Dos and Don’ts to a Strong College Essay
Even professional writers get stage fright in front of a blank page. There’s too much possibility, too many directions things can go, and too many choices for what will become the final draft. So if you’re procrastinating on your college essay, you’re not alone.
And ever since many colleges made SAT and ACT scores optional, the college essay carries more weight than ever before. At the nation’s top 250 schools, your college essay counts for about 25% of your application, so it’s even more important than your grades.
At top schools, there are typically 4 academically qualified prospective students for every open spot. Your essay can push you into first place for that opening. Check out these additional stats:
- Harvard applicants within similar academic profiles have 10x higher admissions chances when they have a strong college essay.
- 3 in 4 students with strong college essays get accepted at one or more selective colleges, even if their academic profile is below the average admitted student.
How do you make your college essay stand out from the rest? Keep reading:
1. For a Successful and Strong College Essay, Know What’s Required
The first step is knowing where to start. Each school can set their own requirements for the college essay. Know what length essay they require, what topics they accept, and if they want additional writing samples. Check with each of the colleges you’re interested in to see if their requirements vary.
Many schools accept the Common Application, which requires a 250-650 word personal essay in response to a supplied prompt. (Here’s a list of the 2021-2022 Common App essay prompts.)
2. Understand What They’re Looking For
This is your opportunity to share who you are. They already know about your grades and your extracurricular activities from your application. Your college essay is your chance to let them behind the magic curtain and see your personality and your values.
The admissions team who reads your essay should feel like they know you after they’re done reading it. You can talk about your hobbies, interests, a challenge you’ve overcome, or one of your strengths. They want to feel as though they’re walking the road with you, seeing how you’ve grown, how you think, or how you respond to things.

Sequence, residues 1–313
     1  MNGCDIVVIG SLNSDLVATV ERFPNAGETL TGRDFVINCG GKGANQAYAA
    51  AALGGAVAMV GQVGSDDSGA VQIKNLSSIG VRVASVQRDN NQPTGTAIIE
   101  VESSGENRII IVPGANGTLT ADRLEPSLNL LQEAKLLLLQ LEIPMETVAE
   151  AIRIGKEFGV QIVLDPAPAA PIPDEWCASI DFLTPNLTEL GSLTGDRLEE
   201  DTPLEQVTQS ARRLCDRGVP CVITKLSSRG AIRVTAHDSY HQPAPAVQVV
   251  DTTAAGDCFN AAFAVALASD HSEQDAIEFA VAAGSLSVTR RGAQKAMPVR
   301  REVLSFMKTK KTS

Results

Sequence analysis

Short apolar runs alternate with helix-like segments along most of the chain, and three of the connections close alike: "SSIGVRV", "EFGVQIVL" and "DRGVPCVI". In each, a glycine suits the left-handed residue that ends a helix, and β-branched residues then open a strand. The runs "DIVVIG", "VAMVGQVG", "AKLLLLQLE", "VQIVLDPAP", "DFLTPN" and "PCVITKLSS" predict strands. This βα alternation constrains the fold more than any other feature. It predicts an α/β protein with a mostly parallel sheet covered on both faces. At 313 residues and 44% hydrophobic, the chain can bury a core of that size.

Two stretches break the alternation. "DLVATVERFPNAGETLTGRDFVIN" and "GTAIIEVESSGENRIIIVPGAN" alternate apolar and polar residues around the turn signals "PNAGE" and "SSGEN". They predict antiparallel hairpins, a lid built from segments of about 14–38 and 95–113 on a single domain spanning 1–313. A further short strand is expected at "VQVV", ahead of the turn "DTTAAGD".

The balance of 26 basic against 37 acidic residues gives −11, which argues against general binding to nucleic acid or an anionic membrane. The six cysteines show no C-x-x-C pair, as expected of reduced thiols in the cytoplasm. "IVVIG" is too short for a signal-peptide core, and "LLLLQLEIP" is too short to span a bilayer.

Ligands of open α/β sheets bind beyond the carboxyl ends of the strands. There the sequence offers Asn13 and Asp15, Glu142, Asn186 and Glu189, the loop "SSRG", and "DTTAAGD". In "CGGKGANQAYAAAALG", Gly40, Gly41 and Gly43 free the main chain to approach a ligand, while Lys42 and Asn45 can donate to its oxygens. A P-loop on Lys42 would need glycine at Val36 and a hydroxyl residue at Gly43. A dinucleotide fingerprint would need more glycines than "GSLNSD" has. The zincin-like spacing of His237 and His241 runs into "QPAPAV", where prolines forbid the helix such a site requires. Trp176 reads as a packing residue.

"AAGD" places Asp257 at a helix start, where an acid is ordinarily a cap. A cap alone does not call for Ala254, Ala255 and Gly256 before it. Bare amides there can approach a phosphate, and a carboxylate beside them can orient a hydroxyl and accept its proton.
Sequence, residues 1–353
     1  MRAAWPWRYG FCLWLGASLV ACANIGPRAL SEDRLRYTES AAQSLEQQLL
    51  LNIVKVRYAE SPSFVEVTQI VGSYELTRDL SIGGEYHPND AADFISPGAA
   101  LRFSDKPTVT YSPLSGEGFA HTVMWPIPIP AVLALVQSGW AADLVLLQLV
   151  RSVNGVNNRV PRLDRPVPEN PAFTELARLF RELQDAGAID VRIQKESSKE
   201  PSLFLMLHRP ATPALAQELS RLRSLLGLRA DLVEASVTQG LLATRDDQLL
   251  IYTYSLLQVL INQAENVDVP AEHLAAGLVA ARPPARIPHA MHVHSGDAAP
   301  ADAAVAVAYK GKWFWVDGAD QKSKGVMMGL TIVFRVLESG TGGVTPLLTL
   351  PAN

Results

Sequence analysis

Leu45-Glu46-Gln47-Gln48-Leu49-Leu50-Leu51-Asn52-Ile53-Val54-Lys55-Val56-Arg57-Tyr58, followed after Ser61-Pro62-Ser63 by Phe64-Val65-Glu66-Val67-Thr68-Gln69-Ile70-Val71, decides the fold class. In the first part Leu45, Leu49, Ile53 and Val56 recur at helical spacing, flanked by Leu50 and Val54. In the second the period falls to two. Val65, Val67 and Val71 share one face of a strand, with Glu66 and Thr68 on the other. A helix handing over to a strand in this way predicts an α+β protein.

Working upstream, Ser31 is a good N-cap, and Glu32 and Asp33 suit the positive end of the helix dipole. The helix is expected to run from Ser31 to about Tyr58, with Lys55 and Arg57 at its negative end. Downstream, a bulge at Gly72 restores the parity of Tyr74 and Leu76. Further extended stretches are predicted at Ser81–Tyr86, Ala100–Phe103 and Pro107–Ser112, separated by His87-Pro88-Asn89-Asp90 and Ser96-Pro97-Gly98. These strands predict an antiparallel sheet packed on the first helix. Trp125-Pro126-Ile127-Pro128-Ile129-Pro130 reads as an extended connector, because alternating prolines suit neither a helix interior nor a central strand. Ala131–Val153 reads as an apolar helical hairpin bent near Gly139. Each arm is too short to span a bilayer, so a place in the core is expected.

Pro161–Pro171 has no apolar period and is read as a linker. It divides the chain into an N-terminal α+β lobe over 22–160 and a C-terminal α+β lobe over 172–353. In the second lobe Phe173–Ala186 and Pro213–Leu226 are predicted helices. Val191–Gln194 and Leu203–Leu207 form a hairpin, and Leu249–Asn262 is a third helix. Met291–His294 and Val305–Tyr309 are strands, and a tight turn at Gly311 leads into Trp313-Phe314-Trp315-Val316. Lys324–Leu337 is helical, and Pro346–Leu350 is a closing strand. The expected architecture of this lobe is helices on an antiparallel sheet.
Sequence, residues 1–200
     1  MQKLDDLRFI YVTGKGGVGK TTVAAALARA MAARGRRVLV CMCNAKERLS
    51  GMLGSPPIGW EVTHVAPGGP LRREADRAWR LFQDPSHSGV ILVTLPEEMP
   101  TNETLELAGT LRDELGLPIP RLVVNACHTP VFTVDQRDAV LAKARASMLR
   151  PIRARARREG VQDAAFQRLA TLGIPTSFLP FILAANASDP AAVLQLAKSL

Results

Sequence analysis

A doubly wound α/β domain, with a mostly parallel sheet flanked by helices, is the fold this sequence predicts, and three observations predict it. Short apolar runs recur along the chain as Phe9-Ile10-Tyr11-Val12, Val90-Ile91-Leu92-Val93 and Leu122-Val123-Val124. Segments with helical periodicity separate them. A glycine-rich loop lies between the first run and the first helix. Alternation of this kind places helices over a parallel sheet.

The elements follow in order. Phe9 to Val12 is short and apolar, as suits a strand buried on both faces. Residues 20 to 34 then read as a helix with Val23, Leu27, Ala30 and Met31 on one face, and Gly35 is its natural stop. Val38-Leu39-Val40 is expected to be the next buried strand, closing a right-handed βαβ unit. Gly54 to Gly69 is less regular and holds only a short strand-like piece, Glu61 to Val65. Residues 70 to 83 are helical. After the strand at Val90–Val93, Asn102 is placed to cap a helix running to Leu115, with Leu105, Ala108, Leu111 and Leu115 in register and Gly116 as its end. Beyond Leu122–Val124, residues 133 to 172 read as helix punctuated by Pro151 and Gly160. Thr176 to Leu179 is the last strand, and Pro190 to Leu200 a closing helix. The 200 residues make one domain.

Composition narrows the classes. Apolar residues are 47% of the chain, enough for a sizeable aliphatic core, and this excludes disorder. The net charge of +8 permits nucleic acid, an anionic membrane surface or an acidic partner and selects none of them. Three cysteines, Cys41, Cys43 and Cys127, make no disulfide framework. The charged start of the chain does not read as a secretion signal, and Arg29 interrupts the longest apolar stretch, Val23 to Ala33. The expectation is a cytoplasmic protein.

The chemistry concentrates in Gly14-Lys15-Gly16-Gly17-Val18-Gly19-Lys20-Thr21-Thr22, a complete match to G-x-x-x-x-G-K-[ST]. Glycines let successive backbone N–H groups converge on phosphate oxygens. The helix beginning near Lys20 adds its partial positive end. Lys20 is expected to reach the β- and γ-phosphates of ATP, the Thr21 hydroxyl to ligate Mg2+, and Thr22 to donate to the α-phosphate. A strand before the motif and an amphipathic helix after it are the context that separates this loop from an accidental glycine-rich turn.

They really just want to know who you are, what unique perspective you provide, and what value you’ll bring to their school. (Oh, and whetherd you can write, too.) So write to set yourself apart,
3. Start Early
Your college essay is important and good writing takes time. Yes, the average essay is only around 500 words, but you’ll need to narrow down your concept, hone your rough draft into a masterpiece, and then have someone review and edit it for you.
Scribbler, a paid editing service, suggests spending 1-3 weeks on brainstorming, researching your prompt, and writing the first draft. Then an additional 2-4 weeks to revise that rough draft.
Your topic and outline must captivate, but it doesn’t have to be grandiose. One student used an essay about laptop stickers to share his values. Another wrote about kombucha. And yet another about shoes.
4. Write and Rewrite
First, ask yourself what you love
What lights you up? What sets you apart? As the examples above show, your main theme can be simple. How can you unfold who you are in a personal, engaging manner? Your perspective on your chosen theme sets you apart:
- How you think
- How you make decisions
- Who you’ve become because of those decisions
- Where you’re headed
Outline your topic
What order will you tell your story? Outline it either chronologically or thematically. Run your ideas by people who know you well. What is their reaction? Do they have thoughts to add?
Start your first draft
Remember, this first draft doesn’t have to be perfect. The key is to keep writing. Get all your thoughts out on paper. Don’t try to impress. Don’t try to be funny. Repeat nothing that’s shared in other parts of your application. Instead, write to share who you are.
Get some distance
Walk away for at least a day, then read what you wrote with fresh eyes. Read the first sentence of each paragraph out loud. Do they make sense? How well do they flow together? Do they tell a complete story?
Write a new outline that tightens things up and tells the specific story you want to tell. Then make sure that each paragraph of your new draft is specifically about each point in your outline. You may need to do this several times to make your story as compelling as possible.
Grab their attention
After you’ve written a more final draft, take some time for your introduction. The first sentence should hook your reader’s attention and make them want to keep reading. Keep working at this until you land on just the right words. They should spark curiosity, give a surprising statistic, or create a strong emotional reaction.
Run your essay through a spelling and grammar checker. Grammarly offers a great one, as does writer.com.
5. Get Others to Proofread Your Essay
When you’ve made things as clear, concise, and engaging as possible, ask someone to proofread it for you. This may be your English teacher, a family member, or mentor. Have several people read through it, each with a different purpose. Maybe one can comment on your authentic story. Another for grammar suggestions. Think about who is qualified for what part and have them target their area of expertise as they read.
When you follow these 5 steps, you’ll be well on your way to a strong college essay that will likely win you a spot at your college of choice.